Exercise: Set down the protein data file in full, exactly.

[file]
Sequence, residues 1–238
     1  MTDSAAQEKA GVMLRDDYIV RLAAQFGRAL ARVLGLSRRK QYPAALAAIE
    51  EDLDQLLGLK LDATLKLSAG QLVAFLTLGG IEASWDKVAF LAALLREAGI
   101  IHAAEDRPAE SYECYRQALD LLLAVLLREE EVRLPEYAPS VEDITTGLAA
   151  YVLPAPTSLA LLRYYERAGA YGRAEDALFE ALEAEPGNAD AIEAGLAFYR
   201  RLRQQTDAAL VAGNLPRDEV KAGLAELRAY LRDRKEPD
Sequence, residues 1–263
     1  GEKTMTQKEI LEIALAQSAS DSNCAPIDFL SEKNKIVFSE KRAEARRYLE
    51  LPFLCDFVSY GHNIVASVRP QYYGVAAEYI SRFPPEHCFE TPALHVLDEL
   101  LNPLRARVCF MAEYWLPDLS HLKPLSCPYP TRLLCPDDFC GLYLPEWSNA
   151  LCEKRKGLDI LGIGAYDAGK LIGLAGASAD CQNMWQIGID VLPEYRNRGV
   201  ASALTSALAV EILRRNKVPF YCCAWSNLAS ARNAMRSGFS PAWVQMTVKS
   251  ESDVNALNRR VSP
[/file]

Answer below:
Sequence, residues 1–238
     1  MTDSAAQEKA GVMLRDDYIV RLAAQFGRAL ARVLGLSRRK QYPAALAAIE
    51  EDLDQLLGLK LDATLKLSAG QLVAFLTLGG IEASWDKVAF LAALLREAGI
   101  IHAAEDRPAE SYECYRQALD LLLAVLLREE EVRLPEYAPS VEDITTGLAA
   151  YVLPAPTSLA LLRYYERAGA YGRAEDALFE ALEAEPGNAD AIEAGLAFYR
   201  RLRQQTDAAL VAGNLPRDEV KAGLAELRAY LRDRKEPD
Sequence, residues 1–263
     1  GEKTMTQKEI LEIALAQSAS DSNCAPIDFL SEKNKIVFSE KRAEARRYLE
    51  LPFLCDFVSY GHNIVASVRP QYYGVAAEYI SRFPPEHCFE TPALHVLDEL
   101  LNPLRARVCF MAEYWLPDLS HLKPLSCPYP TRLLCPDDFC GLYLPEWSNA
   151  LCEKRKGLDI LGIGAYDAGK LIGLAGASAD CQNMWQIGID VLPEYRNRGV
   201  ASALTSALAV EILRRNKVPF YCCAWSNLAS ARNAMRSGFS PAWVQMTVKS
   251  ESDVNALNRR VSP